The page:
My favorite part of the artifacts on display on the palace grounds is a section outside where there are rows and rows of carved stones of men holding scrolls under their chins. Each has a stylized hat on, so that the figures are apparently identical. It’s a bit impressive to see so many of the same figures lined up together. I thought they were sages of some sort, offering to pass on Confucian wisdom.
Not exactly. They would have been educated by Confucian teachings but these statutes actually were . . .
Yes, in the good old days of Korean culture, dozens — no, hundreds — of sculptures were made of bureaucrats. To be clear, these are the equivalent to positions at the Motor Vehicles Department, or accountants in the mayor’s office in today’s America. Imagine living in a world where those jobs were envied. (And contrast it with the current mania in parts of America to do away with government). Once in Korea, and elsewhere in Asia for that matter, passing the exams to become an official of the state was a very big deal. It brought status to the individual and the family, and put one on the path to a better life. Imagine.
Outside the palace is an area where the government officials once lived. This area now is called Samcheongdong, and is known in Seoul as a funky, artsy community. There are murals on the walls, carefully-carved waterfalls, restored pagoda homes, trendy clothing shops, hand-made tea set shops, and art galleries all over. It reminded me of some of the smaller streets in Beverly Hills. We stopped just outside this area for lunch. I went with a smaller group to a restaurant owned and operated by a woman who does all the cooking and serving in a 8 – table shop. I chowed down on vegetarian bibemop made by a woman who looked to be in her 60s. The food was great, but I mention the place here because to find this small restaurant run by this woman was significant for a couple of reasons. The most obvious is that it’s amazing that she can afford the rent in this area, but the greater significance is that the phenomenon of a woman-owned business is only a generation old. Women were not permitted to work outside the home in most cases in Korea until around the 1960s, so to see her running her own shop entirely on her own deserved recognition. I’m not sure exactly what it means for Korea — for example, I’m not sure if this is common or what — but I hope that will be more clear in the coming weeks.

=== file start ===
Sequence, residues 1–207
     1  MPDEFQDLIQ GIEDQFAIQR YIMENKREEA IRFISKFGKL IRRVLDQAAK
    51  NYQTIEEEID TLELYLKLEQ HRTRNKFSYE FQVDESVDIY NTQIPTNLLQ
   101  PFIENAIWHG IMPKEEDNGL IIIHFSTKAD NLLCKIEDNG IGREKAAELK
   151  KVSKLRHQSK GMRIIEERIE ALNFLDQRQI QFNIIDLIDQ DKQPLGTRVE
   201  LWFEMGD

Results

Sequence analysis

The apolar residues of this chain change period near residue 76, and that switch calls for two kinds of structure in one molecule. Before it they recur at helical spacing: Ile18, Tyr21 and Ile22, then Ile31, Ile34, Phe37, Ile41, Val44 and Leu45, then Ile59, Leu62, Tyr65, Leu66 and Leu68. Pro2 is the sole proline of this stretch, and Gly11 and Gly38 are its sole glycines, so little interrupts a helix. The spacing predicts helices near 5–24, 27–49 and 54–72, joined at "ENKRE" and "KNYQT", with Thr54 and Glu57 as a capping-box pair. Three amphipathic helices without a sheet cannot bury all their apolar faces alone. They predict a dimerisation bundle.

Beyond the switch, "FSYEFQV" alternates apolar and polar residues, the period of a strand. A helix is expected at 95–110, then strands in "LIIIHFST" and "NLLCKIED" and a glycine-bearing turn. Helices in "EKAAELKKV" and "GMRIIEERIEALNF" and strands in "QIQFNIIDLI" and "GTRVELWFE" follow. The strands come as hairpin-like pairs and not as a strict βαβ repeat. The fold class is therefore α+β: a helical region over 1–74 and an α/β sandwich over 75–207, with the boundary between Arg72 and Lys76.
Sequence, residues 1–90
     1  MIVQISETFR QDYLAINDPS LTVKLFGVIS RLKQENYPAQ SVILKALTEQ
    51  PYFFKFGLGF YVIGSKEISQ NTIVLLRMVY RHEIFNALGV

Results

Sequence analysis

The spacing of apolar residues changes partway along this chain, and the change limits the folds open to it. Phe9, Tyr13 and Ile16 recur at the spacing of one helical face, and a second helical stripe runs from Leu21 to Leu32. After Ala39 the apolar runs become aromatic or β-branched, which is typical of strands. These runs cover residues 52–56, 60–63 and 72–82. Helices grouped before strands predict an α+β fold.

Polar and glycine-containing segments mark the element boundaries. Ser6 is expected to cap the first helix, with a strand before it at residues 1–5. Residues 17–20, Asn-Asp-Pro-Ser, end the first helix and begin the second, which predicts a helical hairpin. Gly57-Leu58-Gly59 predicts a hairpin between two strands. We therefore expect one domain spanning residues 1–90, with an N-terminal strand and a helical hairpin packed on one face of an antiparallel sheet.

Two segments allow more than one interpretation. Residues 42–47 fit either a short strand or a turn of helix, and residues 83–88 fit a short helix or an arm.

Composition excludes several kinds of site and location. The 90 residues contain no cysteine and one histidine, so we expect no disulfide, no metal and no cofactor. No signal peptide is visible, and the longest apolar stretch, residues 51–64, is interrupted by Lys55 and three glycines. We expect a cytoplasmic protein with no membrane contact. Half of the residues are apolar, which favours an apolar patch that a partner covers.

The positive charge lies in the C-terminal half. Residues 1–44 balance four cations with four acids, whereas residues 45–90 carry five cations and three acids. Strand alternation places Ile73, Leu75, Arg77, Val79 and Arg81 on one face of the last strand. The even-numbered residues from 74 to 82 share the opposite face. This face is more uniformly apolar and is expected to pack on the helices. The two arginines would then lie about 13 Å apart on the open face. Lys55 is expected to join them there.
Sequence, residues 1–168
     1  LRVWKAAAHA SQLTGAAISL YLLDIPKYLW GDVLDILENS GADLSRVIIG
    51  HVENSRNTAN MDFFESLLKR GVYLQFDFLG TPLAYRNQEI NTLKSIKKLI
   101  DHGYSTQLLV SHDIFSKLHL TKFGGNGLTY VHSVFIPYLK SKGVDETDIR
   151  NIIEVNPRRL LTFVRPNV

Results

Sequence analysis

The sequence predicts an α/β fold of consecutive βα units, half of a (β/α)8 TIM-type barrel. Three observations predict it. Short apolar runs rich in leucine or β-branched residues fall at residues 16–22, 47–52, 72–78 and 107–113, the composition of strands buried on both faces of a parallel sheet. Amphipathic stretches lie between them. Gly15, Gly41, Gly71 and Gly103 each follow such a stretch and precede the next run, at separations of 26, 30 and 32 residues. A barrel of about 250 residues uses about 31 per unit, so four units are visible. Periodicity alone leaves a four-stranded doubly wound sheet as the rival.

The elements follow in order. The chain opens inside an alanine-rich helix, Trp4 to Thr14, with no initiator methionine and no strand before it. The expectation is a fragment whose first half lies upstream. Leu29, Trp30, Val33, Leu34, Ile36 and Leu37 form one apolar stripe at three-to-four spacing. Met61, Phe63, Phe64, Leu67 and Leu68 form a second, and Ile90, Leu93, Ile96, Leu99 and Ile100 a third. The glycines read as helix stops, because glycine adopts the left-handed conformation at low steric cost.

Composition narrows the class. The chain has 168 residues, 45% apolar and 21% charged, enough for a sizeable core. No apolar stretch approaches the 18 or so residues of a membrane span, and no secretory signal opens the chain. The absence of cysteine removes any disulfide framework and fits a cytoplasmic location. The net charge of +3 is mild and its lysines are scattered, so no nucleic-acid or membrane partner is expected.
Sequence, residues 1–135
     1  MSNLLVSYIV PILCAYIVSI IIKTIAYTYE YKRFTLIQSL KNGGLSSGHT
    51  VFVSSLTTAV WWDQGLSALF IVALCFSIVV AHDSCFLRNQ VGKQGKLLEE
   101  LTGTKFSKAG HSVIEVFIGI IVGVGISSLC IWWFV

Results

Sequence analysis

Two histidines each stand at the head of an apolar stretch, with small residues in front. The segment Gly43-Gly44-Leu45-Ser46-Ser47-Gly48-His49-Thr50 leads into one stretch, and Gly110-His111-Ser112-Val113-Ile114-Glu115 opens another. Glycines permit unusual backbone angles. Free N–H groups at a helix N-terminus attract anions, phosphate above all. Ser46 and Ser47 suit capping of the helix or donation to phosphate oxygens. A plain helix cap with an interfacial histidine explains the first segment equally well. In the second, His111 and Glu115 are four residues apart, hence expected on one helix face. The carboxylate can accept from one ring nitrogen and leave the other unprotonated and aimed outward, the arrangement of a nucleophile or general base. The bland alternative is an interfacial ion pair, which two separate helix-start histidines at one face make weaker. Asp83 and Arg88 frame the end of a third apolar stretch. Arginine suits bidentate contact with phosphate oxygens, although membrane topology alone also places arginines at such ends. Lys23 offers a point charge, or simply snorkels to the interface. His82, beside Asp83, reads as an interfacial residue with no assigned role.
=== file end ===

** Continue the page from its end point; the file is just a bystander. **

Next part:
After lunch I teamed up with two other teachers on this trip and walked a couple miles across the city, looking a buildings, getting lost down different alleys, generally taking in the sites. The excursion came to a close at Namdaemun Market, which I’d remembered from my visit here in 1992. It’s an outdoor market that stretches for several blocks on narrow streets where you can find clothes, jewelry, trinkets, random food stalls, household items, spices, and — my personal favorite — pig’s head. There’s a lot of fresh fish, dried fish, recently-caught fish, but I knew when I saw the bisected roasted pig’s head that my work that day was done.